Municipal bonds are mixed at mid-session as the market awaits the start of this week's new issue activity.
The MBIS municipal non-callable 5% GO benchmark scale was stronger in midday trading.
The 10-year muni benchmark yield dipped to 2.265% on Wednesday from the final read of 2.280% on Tuesday, according to Municipal Bond Information Services. The MBIS 30-year benchmark muni yield decreased to 2.736% from 2.744%.
The MBIS benchmark index is updated hourly on the Bond Buyer Data Workstation.
Top-rated municipal bonds are mixed. The yield on the 10-year  benchmark muni general obligation was unchanged from 1.98% on Tuesday, while the 30-year  GO yield fell as much as one basis point from 2.55% according to a read of MMD’s triple-A scale.
U.S. Treasuries were mostly stronger on Wednesday. The yield on the two-year Treasury was steady at 1.92% from Tuesday, the 10-year Treasury yield dropped to 2.44% from 2.46% and the yield on the 30-year Treasury decreased to 2.79% from 2.81%.
On Tuesday, the 10-year muni-to-Treasury ratio was calculated at 80.3% compared with 82.3% on Thursday, while the 30-year muni-to-Treasury ratio stood at 90.7% versus 92.6%, according to MMD.
MSRB: Previous session's activity
The Municipal Securities Rulemaking Board reported 36,629 trades on Tuesday on volume of $16.23 billion.
Wall Street firms seemingly all agree that 2018 municipal bond volume will be much less than what the market has seen over the past couple of years.
According to a recent MMD survey, firms estimated that muni volume this year will range anywhere from a high of $400 billion to a low of $285 billion. Bank of America Merrill Lynch is bullish on muni volume in 2018, as it is projecting $400 billion, while UBS is also quite optimistic with $355 billion. JPMorgan and Oppenheimer both seeing the muni market getting $330 billion, while Ramirez sees $317 billion, PNC eyes $315 billion and Janney is estimating $310 billion. The most bearish predictions come from RBC Captal Markets and Cumberland who are forecasting at $285 billion.
Reasons for lower than expected volume stem from the tax bill. Under the legislation, municipal issuers will no longer be able to come to market with advance refundings — a popular cost-saving tool that allowed issuers to take advantage of falling interest rates.
Also accounting for low volume estimate is the billions of issuance that was “stolen” from 2018 and given to 2017, as issuers big and small rushed to market ahead of the New Year.
“Our 2018 gross supply forecast [for 2018] is $317 billion, or down 23% year over year,” Ramirez & Co. wrote in its weekly market report. “The steep projected decline in gross supply of about $93 billion in 2018 vs. 2017 is driven by recent tax reform curbs on tax-exempt advance refundings, higher short-end rates, and a continued uncertain political environment, all of which could impact the pace and scale of new projects/new money.”
Ramirez said its total estimate for 2018 consists of $185 billion of new money (58% of the total) and $132 billion of refundings (42% of the total).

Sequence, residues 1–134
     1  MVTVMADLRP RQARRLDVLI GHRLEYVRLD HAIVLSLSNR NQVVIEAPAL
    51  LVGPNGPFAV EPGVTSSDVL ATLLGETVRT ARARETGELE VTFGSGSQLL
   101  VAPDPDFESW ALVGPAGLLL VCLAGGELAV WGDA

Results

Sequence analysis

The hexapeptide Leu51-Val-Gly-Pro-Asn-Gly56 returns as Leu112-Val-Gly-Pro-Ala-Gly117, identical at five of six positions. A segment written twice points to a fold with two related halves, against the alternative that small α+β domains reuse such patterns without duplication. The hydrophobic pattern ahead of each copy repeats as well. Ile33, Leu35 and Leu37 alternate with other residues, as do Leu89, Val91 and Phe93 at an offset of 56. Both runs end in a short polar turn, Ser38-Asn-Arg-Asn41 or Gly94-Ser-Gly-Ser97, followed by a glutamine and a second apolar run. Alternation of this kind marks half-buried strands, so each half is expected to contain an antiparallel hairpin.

"Lower refunding issuance is likely to be driven by the relatively smaller universe of currently refundable bonds in 2018 (down 16%, or $17 billion, year over year) against higher taxable issuance for advance refunding purposes of about $43 billion,” Ramirez wrote, adding that “total taxable issuance is estimated to be up 100% to $73 billion (23% of total gross issuance), comprised of new money ($30 billion) and advance refundings ($43 billion).”
This week’s calendar totals about $757 million, which is made up of $713 million of negotiated deals and $44 million of competitive sales.
RBC Capital Markets is expected to price the New Jersey Economic Development Authority’s $381.195 million of state lease revenue bonds for state government buildings on Thursday.
The offering is comprised of $197.275 million bonds for the Health Department and Taxation Division office project; $19.225 million taxable bonds for the Health Department office project; and $164.695 million of bonds for the Juvenile Justice Commission Facilities project.
Proceeds of the sale will be used to fund construction of Health Department and Taxation Division office buildings in Trenton and to finance building juvenile justice commission facilities in Ewing and Winslow townships.
The deal is rated Baa1 by Moody’s Investors Service, BBB-plus by S&P Global Ratings and A-minus by Fitch Ratings.
RBC is also expected to price the Socorro Independent School District, Texas’ $173.54 million of Series 2018 unlimited tax school building bonds on Thursday.
The deal, which is backed by the Permanent School Fund guarantee program, is rated triple-A by Moody’s and Fitch.
Stifel is set to price the Anaheim Successor Agency to the Redevelopment Agency, Calif.’s $110 million of Series 2018A tax allocation refunding bonds on Thursday.
The deal is rated AA-minus by S&P.
The competitive arena remains particularly quiet this week.
Quincy, Mass., is selling notes and of bonds on Thursday. The separate deals consist of $42.39 million of general obligation bond anticipation notes and $10 million of GO district improvement bonds.
The BANs are rated SP-1-plus by S&P and the bonds are rated AA-plus by S&P.
Bond Buyer 30-day visible supply at $4.34B
The Bond Buyer's 30-day visible supply calendar increased $159.9 million to $4.34 billion on Wednesday. The total is comprised of $1.65 billion of competitive sales and $2.68 billion of negotiated deals.
Data appearing in this article from Municipal Bond Information Services, including the MBIS municipal bond index, is available on The Bond Buyer Data Workstation. Click here for a brief tour of the Workstation, or contact Vanessa Kim at 212-803-8474 for more information.